But then again, that's why Breazeal launched the robot as a crowdfunded effort.
"The way that the personal robots revolution is going to really happen is by making it a platform," she says. "Because once you do that, suddenly you can have a robot that can do many things for you, for many different people, versus these niche robots that only vacuum or only clean your gutter."
Jibo is powered by an ARM processor and runs Linux. It has two cameras, which allow it to detect and track people, a microphone array for sound localization, and touch sensors on its body. Three motors and a belt system allow Jibo to move fast and smoothly. It uses WiFi for connectivity and will be typically plugged in for power, though with a battery (not included) it will be able to operate for about 30 minutes.
Here's Breazeal describing the robot and her vision during our meeting:
I mentioned to Breazeal that I felt some people would not call Jibo a robot. I mean, it's a robotic device, but is it really a robot? I'm sure some people will ask, "Where are the arms?" and "Why can't it roll around?" I asked Breazeal if she explored prototypes with arms or a mobile base, to give it more capabilities around the house.
Breazeal says there's no question that Jibo is a robot. "It's a social robot," she says. And no, she insisted that they did not build robots with arms or able to drive around. Because of their cost and complexity, manipulation and locomotion are "way, way down the line."
Breazeal is famous for the highly expressive robots she and her students built at the Media Lab, where she directs the Personal Robots Group. So prior to meeting Breazeal and seeing Jibo, I was trying to guess what the robot would look like. Would it have big eyes like Kismet? Fur like Leonardo? A tail like DragonBot?
After seeing Jibo's sleek, clean, Apple-esque industrial design shineness, I asked Breazeal if she considers Jibo a big departure from her previous robots.
She explained that the design choices were deliberate, and part of how she and her team envision bringing personal robots to people's homes. "By keeping it more abstract you're also keeping it more sophisticated. And we want people to think about this not as a toy -- because it's certainly not a toy -- but as this high-end consumer electronics device."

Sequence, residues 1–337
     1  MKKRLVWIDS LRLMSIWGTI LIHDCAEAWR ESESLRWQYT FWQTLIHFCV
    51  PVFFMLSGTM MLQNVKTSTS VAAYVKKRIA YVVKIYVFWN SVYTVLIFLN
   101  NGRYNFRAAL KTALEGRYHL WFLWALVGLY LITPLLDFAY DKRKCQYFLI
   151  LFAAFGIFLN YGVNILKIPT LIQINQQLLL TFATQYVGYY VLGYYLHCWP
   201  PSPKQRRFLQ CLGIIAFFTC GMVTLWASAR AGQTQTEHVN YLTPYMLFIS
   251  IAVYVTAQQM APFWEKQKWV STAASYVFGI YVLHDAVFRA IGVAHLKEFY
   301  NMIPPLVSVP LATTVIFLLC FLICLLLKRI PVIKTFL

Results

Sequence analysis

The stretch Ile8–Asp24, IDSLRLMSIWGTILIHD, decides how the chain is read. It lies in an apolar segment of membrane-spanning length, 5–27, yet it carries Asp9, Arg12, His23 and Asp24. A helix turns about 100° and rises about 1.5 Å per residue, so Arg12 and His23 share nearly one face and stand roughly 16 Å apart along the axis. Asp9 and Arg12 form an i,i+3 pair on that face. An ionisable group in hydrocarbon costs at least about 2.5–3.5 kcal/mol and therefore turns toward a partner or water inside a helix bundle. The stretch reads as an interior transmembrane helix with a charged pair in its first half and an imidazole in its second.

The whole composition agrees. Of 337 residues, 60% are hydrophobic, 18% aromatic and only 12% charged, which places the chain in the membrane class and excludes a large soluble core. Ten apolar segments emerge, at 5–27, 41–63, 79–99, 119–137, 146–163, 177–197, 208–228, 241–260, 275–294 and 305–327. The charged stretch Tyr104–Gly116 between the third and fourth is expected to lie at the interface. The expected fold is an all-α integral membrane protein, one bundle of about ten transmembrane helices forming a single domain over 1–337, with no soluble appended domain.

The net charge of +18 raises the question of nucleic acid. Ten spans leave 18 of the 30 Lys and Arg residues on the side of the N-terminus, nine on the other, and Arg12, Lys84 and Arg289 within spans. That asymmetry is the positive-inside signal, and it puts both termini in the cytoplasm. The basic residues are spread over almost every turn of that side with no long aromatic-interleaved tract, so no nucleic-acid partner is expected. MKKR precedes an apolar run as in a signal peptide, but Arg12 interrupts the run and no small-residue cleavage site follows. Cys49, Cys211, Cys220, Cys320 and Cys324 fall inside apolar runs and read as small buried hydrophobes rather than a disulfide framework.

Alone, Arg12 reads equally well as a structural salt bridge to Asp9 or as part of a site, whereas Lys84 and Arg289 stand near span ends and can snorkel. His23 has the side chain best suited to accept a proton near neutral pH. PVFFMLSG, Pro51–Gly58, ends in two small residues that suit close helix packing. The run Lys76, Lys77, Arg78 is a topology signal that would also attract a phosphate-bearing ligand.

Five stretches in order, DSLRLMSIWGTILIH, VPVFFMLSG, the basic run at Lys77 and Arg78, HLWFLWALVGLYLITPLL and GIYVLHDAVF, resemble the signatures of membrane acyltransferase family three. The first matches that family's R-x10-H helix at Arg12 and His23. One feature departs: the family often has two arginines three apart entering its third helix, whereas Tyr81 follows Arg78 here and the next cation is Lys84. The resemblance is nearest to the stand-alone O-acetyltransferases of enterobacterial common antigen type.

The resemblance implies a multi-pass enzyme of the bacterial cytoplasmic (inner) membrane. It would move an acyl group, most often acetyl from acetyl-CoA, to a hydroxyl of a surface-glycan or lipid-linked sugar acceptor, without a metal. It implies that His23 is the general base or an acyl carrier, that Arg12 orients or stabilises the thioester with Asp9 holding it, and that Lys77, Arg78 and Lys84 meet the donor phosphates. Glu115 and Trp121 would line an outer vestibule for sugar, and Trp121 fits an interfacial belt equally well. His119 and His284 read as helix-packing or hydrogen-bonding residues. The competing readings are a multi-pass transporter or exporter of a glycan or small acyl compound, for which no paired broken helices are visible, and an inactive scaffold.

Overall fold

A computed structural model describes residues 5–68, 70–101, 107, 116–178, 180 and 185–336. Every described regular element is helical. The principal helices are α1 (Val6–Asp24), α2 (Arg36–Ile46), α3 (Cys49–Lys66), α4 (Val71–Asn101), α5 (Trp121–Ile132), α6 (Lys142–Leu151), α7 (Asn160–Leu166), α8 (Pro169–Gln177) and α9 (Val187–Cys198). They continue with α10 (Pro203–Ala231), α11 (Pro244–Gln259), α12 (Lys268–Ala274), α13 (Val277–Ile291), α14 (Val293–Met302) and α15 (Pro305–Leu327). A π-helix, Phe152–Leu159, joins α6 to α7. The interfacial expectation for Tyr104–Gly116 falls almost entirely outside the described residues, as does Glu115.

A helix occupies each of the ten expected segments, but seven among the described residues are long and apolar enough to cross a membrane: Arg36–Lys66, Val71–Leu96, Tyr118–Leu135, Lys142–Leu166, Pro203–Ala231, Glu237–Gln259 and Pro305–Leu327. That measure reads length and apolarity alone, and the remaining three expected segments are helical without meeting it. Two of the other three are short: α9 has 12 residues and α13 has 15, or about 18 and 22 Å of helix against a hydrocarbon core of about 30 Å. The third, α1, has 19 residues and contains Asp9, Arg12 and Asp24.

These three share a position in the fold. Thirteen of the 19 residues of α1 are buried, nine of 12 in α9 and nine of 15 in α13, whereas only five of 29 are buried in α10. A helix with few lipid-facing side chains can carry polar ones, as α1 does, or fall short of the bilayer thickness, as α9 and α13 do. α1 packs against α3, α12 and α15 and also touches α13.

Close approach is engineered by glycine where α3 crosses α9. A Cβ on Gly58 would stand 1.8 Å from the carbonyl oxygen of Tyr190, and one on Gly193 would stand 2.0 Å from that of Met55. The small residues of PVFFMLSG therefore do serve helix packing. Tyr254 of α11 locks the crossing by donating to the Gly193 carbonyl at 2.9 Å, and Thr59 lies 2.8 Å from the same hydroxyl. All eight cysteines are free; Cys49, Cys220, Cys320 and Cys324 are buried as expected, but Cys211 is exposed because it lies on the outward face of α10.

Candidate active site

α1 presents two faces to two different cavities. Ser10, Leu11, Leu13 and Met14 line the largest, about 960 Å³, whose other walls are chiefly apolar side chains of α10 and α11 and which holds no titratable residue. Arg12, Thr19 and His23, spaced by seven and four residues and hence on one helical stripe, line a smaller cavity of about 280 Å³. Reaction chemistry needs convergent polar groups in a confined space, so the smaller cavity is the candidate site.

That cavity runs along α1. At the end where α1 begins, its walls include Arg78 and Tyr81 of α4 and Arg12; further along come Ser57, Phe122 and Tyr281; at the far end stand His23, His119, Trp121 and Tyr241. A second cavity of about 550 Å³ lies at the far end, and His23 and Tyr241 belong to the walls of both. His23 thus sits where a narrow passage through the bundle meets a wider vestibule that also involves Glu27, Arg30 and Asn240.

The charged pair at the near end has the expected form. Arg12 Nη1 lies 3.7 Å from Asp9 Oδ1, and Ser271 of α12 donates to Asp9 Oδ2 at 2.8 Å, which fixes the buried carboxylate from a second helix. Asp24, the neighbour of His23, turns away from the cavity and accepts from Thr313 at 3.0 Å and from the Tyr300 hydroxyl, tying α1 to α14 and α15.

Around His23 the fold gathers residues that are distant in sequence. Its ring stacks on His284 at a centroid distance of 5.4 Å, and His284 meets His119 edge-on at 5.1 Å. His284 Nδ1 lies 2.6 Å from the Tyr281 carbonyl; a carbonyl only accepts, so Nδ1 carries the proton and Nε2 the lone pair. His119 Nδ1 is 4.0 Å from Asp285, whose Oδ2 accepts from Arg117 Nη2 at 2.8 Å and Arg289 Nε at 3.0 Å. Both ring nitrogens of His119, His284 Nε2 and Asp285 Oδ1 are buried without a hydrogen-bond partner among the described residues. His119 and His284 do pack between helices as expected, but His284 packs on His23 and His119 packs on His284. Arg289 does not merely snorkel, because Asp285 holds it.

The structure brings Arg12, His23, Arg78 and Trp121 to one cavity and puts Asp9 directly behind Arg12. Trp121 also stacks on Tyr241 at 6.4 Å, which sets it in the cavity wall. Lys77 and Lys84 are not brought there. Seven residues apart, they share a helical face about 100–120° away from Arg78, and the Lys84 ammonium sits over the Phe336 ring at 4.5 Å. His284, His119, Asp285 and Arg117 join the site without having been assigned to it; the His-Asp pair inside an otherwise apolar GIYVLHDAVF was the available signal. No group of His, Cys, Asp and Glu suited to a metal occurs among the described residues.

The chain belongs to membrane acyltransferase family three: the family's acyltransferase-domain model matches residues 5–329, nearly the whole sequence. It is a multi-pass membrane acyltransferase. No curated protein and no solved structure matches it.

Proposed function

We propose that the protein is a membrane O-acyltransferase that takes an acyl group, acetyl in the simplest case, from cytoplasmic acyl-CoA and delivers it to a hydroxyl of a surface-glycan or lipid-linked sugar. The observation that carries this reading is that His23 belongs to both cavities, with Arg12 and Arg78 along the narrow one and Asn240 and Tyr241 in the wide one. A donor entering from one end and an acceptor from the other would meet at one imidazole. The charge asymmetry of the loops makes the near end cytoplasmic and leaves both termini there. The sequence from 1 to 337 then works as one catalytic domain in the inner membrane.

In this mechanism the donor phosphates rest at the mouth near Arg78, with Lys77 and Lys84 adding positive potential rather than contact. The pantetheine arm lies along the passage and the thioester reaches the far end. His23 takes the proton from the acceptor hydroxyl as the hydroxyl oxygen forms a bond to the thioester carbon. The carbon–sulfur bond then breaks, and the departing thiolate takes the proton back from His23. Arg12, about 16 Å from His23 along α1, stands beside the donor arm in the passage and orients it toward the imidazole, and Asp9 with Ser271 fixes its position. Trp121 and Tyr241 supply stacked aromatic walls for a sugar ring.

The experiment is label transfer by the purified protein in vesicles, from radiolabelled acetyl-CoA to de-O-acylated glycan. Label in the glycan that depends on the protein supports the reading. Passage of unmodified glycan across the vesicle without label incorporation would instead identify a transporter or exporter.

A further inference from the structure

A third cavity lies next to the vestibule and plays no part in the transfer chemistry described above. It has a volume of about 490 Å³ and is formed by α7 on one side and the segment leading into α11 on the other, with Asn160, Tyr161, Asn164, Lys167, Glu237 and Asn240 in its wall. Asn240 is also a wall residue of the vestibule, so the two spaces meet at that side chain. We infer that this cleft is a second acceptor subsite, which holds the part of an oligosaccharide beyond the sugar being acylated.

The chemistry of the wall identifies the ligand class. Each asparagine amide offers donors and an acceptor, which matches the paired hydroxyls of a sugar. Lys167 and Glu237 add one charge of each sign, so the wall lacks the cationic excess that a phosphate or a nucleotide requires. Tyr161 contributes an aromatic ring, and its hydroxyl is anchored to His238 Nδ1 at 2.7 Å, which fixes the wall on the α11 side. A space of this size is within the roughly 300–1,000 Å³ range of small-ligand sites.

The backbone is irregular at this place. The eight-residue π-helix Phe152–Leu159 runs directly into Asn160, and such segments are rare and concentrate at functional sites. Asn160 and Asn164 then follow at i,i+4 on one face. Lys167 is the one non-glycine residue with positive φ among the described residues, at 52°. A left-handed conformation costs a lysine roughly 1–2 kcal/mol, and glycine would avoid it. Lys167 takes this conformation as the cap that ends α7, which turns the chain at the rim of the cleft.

"The core competency of a social robot is its ability to engage people," she adds. "Not only just around information but around social, emotive, interpersonal dimensions. And even through its physical, social embodiment. That's the core competency. is designed to hit that as powerfully as we can with the most elegant, sleek, minimal, sweet spot of that. There's a kind of Occam's razor thing going on here."
So, will people want it? I'd say yes, if Breazeal and her team can deliver a virtually flawless user experience. If Jibo works most of the time but not allthe time -- if you have to keep repeating yourself to be understood, if the robot fails to recognize you, if applications are slow or stall -- this will likely make it a big failure.
In fact, Breazeal says that the biggest technical challenge in developing Jibo is integration. "The sensing, the vision, how it all comes together to create this magical experience when it's just you and your Jibo, that's what the biggest challenge is."
To be sure, if anyone can deliver on a robot like this, it's Breazeal. And she's not alone, having assembled an impressive team with executives and engineers with backgrounds in speech recognition, natural language, user interaction, gaming, and animation.
Will Jibo be a big hit? Will it become "part of the family"? Leave your opinion in the comments below.
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MIT roboticist Cynthia Breazeal with her latest creation, Jibo.